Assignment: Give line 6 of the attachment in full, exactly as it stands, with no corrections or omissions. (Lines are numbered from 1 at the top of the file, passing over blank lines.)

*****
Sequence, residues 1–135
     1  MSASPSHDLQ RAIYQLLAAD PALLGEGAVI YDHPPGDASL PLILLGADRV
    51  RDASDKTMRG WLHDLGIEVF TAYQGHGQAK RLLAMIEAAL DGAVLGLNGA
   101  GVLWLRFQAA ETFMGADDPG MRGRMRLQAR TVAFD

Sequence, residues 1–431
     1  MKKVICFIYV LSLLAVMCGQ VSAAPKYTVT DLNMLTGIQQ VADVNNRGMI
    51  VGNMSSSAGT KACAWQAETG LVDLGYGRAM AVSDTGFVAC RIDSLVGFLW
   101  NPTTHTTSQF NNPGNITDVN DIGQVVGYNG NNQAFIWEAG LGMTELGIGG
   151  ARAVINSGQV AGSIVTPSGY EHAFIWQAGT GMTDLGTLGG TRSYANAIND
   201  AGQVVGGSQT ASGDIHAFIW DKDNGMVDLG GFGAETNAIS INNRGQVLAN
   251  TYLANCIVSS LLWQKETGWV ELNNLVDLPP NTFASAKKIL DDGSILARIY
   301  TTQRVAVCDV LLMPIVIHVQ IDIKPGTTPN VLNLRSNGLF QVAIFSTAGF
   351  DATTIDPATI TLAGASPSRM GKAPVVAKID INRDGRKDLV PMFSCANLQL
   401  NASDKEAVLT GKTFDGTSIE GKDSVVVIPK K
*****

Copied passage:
     1  MKKVICFIYV LSLLAVMCGQ VSAAPKYTVT DLNMLTGIQQ VADVNNRGMI